For many I guess the image of a bridge suggests one of reaching out, or of closing, or
bridging, a gap. When Jean welcomed me onto the Bridge, after last month's DaFuMu
dreaming, I instead had a completely different image - I thought of Star Trek! And the
more I thought about this simile, the more I liked it.
Most of the time it looks as if the crew on the Bridge have an excellent view of space
ahead, much as a jet pilot can see through the windows of his cockpit. Only the space
ship has no windows, instead the ship's sensors scan the surrounding space, and display
what they 'see' on a large screen. At other times the screen acts as a communication link,
as the S.S. Voyager encounters alien races on its journey home through the Delta
My computer works a bit like that, with a 56K modem functioning as 'sensors' and where
my flat screen displays messages from, well, not exactly aliens, but dreamers from all
over the world. And if you regularly read this column you will by now have figured out
that Jean has taken a holiday, and I can tell you that this particular dream view from the
Bridge comes to you through the eyes of Olivia.
But oh, how busy the past four weeks seemed, on the Bridge! Never before did I belong
to a group where so much information flowed between its members. When I first joined,
and hadn't checked my email for about three hours, I had 24 messages!
If I felt almost overwhelmed at first, I have since found the World Dreams Peace Bridge
an interesting group to belong to. Many things get discussed, and I for one have found it
refreshing to again share views on topical and political matters. How many of us can go
weeks and months without anyone in our family, or at our workplace, ever mentioning
the news, let alone the ongoing war in Iraq? In the UK, where I live, coverage of Iraq has
become reduced to a mere trickle, since the Black Watch returned home - in time for
Christmas, mind, just as Tony Blair had promised - with media highlighting only some of
the most violent flare-ups. However, many members of the Bridge have alternate sources
of news, often from inside Iraq, and news and links get shared amongst us.
The Bridge received new members during the past month, as well, this time adding to the
number of Muslims in our inter-faith group, and providing us with more direct links to
Iraq. Iraq has seemed very much the focus for the past month, with much discussion and
many members sharing dreams, dreams that often seemed as if through the eyes of one of
the Iraqi people, as they try to go about their daily business.
The subject of dreaming itself came up for discussion, as in whether or not dreams will
bring peace and feed the hungry. "No, they won't," seems the simple answer, and yet, if
we lose our dreams, we lose a vital aspect of our humanity. The Turkish have this
wonderful saying, "You make things come true as long as you can dream," which to me
illustrates not only a deep spiritual truth, but resonates with the very reason I joined the
Bridge. As I understand it, one of the cornerstones of the work of the World Dreams
Peace Bridge, part of its foundation, rests on the principle that only that of which we can
dream - in the widest sense of the word - can become a manifest reality in the physical
Perhaps one of this group's main tasks centres on holding the dreams of peace, and of a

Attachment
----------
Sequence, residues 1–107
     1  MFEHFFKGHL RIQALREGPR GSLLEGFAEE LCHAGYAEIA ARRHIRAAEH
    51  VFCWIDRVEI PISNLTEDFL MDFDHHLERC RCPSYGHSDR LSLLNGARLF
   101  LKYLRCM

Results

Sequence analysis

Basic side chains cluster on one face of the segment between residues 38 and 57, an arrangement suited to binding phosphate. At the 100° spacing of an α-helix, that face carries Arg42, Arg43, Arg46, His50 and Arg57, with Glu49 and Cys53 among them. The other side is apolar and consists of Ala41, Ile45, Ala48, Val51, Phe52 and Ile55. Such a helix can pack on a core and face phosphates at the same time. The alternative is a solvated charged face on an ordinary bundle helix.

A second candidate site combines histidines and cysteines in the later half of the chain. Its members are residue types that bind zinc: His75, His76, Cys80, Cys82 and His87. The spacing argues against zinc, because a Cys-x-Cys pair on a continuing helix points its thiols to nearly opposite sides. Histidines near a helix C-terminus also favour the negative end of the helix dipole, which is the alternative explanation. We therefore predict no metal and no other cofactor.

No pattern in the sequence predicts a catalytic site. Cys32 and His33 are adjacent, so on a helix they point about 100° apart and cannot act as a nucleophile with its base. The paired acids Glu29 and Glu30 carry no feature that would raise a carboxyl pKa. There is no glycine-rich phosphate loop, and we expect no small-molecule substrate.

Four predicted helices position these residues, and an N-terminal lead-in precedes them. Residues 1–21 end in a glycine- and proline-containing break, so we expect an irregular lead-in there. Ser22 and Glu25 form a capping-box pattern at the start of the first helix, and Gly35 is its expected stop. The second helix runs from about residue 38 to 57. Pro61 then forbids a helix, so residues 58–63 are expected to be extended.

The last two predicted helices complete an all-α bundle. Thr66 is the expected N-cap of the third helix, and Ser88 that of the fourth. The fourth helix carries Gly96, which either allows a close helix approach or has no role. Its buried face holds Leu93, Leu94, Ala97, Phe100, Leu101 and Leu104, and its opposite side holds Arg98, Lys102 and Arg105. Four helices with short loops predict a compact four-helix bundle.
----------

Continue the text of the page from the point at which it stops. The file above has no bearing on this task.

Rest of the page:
just and fair world, alive. Alive, for those who cannot in the moment feel or know peace,
love, or serenity, because they no longer have a home to return to, or they have lost those
near and dear, and lack even the grim consolation of a grave to visit, or their children
waste before their eyes because they can find neither food nor medicine.
No, dreams alone will not bring peace, justice, or food, to those in need. Vision needs
grounding, ideals require implementation, and many of the members of the Bridge
engage with precisely that, raising money, not least. And not only members; a group of
eight high school students from Vermont, who found the Peace Bridge by googling
"Iraq" and "Children," managed to raise $1,500 for the Seasons Art School in Baghdad
by holding an art show at their school. Jean has received a package of photos, articles and
quotes, and we will soon add a page to the World Dreams Peace Bridge web site to show
what they have done. Thank you, guys!
Another main event of the month just gone by saw the launch of the first of the monthly
DaFuMu dreaming events. We settled for the 15th of each month, a date easy to
remember, but chosen in honour of one of the greatest outpourings of peace ever, as the
world rallied against the impending war in Iraq on March 15-17, almost two years ago.
The overall focus for the monthly DaFuMus centre on the image of the mandala, and
indeed several of this month's submitted dreams echo that theme.
And as I close I would like to come back to the subject of Star Trek, once again. While a
great fan of the first four series, I can't quite close my eyes to the fact that, futuristic
vision and idealism aside, Star Trek seems permeated with a Western world view, and
that "To boldly go where no man has gone before" only too easily can read "Fools rush in
where angels fear to tread," not least if one takes the war on terror, and the war in Iraq
into account. And yet, it represents a dream, and perhaps, if peoples of all nations and
faiths join the dream, each adding their images of hope, love and wisdom, we might one
day know a sustainable peace.
The World Dreams Peace bridge is open to all people who dream of world peace:
or discussion group: firstname.lastname@example.org